The story is beautifully constructed. We follow young Richard, then nicknamed Rocky, as a boy in southern Virginia in the late 1970s. He comes to understand the many forms a parent’s love can take, how women are complex and possibly always beyond comprehension, and how music is the Braille of life. His beloved half-brother, Paul, is there to teach him all the things big brothers learn first. And then Paul temporarily abandons Rocky in the woods, ultimately returns him home, and disappears. It’s a terrific set-up to learn that heroes are imperfect.
Rocky is an acute observer, even as he realizes his own cluelessness. Music binds him to Paul— the listening habit, the way words are offered by others as explanation of one’s own feelings. Neil Young is the second guide for Rocky’s education as well as delicious breadcrumbs for the reader. The book title from a cherished Young song, the ‘Old Man’ moniker given to Rocky’s father, and the ‘Cinnamon Girl’ are a few. I’m sure I’ve missed others.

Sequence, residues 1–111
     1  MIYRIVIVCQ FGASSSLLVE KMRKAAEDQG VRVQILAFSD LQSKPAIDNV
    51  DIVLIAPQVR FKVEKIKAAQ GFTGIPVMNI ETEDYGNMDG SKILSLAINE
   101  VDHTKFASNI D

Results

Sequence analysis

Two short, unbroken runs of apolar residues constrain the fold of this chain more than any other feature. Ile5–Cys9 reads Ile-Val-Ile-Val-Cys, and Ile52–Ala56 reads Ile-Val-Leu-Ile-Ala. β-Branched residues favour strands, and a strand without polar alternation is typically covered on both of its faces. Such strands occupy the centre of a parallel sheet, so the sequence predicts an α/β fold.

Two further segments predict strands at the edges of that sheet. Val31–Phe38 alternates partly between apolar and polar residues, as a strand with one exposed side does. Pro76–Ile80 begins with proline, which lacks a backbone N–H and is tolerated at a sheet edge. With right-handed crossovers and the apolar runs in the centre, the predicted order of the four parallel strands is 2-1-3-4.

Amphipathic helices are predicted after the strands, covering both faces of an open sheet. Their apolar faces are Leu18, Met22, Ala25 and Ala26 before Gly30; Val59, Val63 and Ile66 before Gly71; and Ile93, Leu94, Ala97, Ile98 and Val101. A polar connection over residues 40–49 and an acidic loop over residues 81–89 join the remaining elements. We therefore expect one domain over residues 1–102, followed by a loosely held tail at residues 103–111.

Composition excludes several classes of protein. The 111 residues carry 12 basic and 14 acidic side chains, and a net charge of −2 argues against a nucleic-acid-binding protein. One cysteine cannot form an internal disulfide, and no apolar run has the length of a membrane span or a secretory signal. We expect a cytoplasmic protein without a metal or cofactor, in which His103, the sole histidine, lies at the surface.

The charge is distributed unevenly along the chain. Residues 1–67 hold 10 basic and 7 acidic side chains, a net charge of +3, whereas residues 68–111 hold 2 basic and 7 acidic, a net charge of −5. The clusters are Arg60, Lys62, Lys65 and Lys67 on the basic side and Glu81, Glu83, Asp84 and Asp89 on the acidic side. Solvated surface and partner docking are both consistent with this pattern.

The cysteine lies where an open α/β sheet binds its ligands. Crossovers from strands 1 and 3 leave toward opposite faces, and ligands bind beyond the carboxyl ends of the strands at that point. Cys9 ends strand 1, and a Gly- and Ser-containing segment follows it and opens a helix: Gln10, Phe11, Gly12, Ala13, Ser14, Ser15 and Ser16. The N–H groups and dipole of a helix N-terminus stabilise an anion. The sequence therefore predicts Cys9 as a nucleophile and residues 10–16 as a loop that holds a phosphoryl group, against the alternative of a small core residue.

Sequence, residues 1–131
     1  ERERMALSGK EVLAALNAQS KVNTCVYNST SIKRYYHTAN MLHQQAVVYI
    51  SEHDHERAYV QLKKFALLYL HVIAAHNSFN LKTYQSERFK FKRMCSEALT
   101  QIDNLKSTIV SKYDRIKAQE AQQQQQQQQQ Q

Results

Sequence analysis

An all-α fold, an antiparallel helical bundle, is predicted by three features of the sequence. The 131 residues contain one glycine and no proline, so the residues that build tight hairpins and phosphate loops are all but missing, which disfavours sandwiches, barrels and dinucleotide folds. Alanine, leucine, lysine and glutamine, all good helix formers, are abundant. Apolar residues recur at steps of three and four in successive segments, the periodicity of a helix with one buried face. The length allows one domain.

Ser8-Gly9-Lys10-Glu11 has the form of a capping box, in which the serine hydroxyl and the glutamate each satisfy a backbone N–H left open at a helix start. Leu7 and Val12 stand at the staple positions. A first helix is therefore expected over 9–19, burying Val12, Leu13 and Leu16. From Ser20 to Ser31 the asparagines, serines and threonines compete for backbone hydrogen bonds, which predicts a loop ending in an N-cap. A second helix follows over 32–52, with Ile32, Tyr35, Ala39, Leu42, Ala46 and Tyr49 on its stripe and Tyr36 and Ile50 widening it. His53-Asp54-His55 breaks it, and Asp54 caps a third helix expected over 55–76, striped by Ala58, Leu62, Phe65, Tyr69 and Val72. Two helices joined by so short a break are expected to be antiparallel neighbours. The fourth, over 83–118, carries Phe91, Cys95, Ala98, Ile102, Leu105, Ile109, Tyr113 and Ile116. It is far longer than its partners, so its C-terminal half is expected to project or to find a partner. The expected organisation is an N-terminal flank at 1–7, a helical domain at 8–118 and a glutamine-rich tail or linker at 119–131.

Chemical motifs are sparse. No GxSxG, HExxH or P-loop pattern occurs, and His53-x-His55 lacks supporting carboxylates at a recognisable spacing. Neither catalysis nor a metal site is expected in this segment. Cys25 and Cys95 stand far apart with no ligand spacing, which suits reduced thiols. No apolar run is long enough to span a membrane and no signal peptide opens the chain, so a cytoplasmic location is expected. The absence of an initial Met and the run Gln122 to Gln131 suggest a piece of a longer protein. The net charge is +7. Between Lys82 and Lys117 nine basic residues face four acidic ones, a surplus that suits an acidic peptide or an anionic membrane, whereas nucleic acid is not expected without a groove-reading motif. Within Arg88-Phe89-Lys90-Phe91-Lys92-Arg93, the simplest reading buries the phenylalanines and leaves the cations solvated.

He falls in love often, as young men do, and each extraordinarily different object of his affection brings more understanding, eventually preparing him for the one that matters most. At one point, he begins an affair with a much older neighbor, Patricia, daughter of the new owners of the nearby Twin Oaks Mansion. A Gothic style murder ensues and Paul, having now returned as mysteriously as he left, is suspected of it.
I hope the title does not stop men from picking it up as this is a book for a wide audience. We, as adults, tend to look back over our lives to understand how we turned out as we did. Tarkington has shown us one path that is sweet and rich, instantly identifiable, and full of heart.
Reviewed by Carol Malkin
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